Posts with the “scotland loves animation” tag

Scotland Loves Anime 2017 - Day 3

Maulings, minds, monsters and megacities

The Sundays of prior Scotland Loves Anime events are typically slower paced affairs: the competition films have been aired, the jury has deliberated and now it’s time for films and shorts that may not always be premieres, but definitely warrant your attention.

a stronger than average showing with this now being the 8th SLA

Kicking off the day with the third and final instalment of Kizumonogatari certainly bucks that trend, excluded from competition for being a franchise film but no less visceral for it. Ostensibly Akiyuki Shinbo’s second film in the festival, Jonathan Clements’ introduction shed some light on the “Chief Director” position that many productions now have, effectively big names attached to a project, often without the onerous burden of working on it. Suffice it to say, a lot of the directorial duties may have fallen to Tatsuya Oishi, though you wouldn’t know it once Kizumonogatari Part 3: Reiketsu started. If you’ve made it to this last entry in the film series, you know what you’re getting yourself into: hard colour cuts, circuitous point making and slapstick dismemberments.

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Scotland Loves Anime 2017 - Day 2

Wars, water and walls

Starting the second day with the now twenty eight year old anime film Venus Wars is still a little baffling to me. Perhaps there’s a hidden theme hiding somewhere in its staff. Perhaps Yoshikazu Yasuhiko’s (Dirty Pair et. al.) designs… Maybe animation director Toshihiro Kawamoto who also worked on Cowboy Bebop… Or maybe it’s like Jonathan Clements mentioned in his opening notes about Joe Hisaishi who went on to score for Studio Ghibli… Whatever the connection with the rest of the festival, the cinema was full and evidently ready for a dose of lovingly animated 80’s science fiction.

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Under my umbrella

A review of the Lu Over The Wall movie

Gyo, Tokyo Fish Attack was not the film I thought that would spring to mind while watching Masaaki Yuasa’s Lu Over The Wall. This is a family friendly film after all about a small mermaid who befriends a sullen boy in a sunless town, bringing joy and music to all she meets.

Hinashi (lit. sunless), the setting for the film, has a literal shadow cast over it by an imposing cliff that separates the town’s waters from the bay, populated by mermen and ship wrecks alike. From these waters springs the titular Lu who is attracted by the music that flows from an unlikely trio, one lost in his own malaise, another struggling with the responsibility of inheriting an empire, and another who just wants to go with the flow.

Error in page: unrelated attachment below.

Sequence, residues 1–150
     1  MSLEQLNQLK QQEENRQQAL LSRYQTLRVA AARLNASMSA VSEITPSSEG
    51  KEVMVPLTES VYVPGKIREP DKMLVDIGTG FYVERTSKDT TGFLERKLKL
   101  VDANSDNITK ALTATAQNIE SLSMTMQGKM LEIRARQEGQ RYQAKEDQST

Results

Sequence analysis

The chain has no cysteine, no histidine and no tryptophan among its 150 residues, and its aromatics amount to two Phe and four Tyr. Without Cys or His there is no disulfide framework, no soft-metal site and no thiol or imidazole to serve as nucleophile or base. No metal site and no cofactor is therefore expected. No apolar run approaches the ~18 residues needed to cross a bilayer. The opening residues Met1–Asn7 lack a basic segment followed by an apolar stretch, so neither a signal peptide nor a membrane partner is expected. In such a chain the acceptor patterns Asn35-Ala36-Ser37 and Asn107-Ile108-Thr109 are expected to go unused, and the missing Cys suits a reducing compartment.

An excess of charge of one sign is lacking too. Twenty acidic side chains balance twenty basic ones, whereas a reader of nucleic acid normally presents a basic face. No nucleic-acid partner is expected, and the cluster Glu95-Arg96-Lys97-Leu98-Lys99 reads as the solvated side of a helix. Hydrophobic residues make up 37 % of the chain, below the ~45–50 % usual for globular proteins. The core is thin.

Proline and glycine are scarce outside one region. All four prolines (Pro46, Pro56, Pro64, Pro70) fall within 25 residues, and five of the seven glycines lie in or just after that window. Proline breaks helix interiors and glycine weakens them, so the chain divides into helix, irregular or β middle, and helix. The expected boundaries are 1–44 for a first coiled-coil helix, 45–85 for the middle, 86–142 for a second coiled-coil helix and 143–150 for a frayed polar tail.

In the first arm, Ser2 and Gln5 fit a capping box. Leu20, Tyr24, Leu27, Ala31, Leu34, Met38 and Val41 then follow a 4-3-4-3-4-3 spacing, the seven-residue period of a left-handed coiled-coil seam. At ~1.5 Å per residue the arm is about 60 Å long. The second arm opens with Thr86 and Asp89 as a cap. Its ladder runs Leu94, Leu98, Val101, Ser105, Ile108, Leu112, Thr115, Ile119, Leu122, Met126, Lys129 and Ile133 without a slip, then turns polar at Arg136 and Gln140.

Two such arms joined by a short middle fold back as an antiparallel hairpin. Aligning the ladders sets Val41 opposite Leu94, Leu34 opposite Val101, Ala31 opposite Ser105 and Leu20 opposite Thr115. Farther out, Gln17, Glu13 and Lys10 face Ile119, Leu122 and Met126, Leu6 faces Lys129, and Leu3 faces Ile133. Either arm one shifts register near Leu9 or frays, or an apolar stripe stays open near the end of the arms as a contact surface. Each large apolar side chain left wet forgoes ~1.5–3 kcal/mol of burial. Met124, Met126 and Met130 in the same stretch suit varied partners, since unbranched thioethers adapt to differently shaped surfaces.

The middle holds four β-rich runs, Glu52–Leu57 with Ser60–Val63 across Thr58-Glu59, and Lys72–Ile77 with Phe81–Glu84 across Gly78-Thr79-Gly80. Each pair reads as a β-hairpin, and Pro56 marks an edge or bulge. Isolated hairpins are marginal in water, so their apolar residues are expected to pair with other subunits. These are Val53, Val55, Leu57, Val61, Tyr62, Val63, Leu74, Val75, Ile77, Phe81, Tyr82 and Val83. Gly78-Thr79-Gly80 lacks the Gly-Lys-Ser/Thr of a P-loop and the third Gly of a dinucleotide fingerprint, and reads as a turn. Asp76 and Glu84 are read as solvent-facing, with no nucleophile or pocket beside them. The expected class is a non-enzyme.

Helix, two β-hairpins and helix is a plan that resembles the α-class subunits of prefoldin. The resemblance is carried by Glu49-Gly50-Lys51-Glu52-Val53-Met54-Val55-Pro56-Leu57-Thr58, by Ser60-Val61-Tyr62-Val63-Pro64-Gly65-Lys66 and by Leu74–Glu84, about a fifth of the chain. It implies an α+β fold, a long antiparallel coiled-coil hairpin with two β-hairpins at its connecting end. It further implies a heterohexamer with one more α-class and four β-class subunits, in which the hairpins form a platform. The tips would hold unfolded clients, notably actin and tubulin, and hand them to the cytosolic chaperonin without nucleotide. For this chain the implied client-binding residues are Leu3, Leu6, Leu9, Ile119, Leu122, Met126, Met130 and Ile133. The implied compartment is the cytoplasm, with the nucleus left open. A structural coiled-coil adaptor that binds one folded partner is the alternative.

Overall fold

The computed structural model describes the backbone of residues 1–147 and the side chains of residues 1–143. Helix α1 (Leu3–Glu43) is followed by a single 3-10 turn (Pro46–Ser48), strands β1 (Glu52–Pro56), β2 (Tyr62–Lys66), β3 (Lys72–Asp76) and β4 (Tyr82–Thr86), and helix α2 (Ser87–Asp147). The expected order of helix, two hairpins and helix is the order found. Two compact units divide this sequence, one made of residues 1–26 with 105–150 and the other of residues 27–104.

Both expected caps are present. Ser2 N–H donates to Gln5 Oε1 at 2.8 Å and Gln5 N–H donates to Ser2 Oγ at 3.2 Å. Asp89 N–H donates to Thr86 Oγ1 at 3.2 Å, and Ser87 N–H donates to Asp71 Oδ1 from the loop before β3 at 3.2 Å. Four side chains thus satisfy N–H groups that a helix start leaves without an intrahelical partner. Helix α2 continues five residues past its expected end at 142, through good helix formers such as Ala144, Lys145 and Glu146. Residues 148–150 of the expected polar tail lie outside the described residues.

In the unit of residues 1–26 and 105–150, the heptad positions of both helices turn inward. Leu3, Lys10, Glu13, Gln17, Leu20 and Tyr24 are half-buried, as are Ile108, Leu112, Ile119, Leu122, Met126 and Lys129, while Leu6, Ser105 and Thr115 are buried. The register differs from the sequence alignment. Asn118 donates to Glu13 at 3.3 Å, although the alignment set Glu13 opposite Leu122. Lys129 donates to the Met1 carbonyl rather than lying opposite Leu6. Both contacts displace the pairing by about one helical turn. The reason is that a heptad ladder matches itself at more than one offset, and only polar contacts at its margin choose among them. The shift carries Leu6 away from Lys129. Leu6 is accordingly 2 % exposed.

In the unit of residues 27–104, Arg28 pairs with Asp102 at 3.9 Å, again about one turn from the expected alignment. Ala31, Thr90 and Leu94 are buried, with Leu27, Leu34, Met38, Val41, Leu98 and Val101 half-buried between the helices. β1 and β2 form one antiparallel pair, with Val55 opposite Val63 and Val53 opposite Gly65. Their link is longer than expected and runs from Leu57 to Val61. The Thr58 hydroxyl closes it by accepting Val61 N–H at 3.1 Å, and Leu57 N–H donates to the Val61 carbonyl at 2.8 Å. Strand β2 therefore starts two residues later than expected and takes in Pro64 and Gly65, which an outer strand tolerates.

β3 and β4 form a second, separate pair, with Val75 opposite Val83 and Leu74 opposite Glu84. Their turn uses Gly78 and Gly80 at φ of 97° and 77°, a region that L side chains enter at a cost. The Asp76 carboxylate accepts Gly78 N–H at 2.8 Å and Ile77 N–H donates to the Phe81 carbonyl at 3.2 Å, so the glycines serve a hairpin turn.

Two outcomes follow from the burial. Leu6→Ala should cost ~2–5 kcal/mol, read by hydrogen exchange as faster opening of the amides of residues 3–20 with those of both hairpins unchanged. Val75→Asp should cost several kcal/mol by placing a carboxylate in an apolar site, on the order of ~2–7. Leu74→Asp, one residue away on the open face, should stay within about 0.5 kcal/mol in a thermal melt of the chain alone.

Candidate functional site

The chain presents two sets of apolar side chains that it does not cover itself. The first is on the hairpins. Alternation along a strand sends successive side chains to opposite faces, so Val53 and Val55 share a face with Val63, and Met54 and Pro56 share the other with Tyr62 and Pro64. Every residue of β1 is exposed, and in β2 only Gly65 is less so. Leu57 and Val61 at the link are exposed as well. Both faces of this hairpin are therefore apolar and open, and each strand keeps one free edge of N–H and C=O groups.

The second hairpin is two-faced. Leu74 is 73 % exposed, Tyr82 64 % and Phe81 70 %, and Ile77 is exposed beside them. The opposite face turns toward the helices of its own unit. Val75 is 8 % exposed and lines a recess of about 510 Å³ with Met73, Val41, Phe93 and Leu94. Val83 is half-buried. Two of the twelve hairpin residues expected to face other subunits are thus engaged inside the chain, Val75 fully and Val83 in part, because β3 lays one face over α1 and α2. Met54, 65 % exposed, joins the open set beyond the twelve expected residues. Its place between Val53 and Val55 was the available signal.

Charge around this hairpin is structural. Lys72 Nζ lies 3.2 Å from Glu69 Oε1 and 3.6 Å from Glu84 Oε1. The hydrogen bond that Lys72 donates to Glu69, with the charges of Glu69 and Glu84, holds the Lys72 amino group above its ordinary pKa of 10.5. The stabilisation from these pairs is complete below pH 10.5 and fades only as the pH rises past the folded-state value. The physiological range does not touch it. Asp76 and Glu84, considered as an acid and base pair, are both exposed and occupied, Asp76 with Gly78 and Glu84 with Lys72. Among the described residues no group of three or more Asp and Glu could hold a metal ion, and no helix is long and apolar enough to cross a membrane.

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A review of The Night Is Short, Walk On Girl movie

Watching a film with an audience, regardless of how big or small, changes that film from being consumed, to having it performed. Many films, anime or otherwise, stand well on their own but The Night Is Short, So Walk On Girl is likely at its best projected large in front of an audience.

whip smart humour, sudden outbursts of song and rapid turns of fortune that are at once charming

It is raucous and bawdy and funny and peculiar in all the ways you’ve come to expect from a Masaaki Yuasa production, but it has a verve and energy that can only be amplified in front of a crowd. This is, after all, a film about the long, involved, drunken night out of several university students.

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Surf's up

A review of the first Eureka Seven: Hi-Evolution movie

Everything is a remix, or so the saying goes. The first of the three movie series reboot of Eureka Seven, labelled Hi Evolution, seems to have taken this literally. Starting with a half hour or so of brand new footage, it then switches to retelling a meaty but largely irrelevant chunk of Renton’s escapades during the TV series.

Retelling is perhaps too kind a word for what is some cleaned up, original aspect-ratio footage from the landmark fifty episode TV series, chopped and screwed into the remainder of the film’s runtime.

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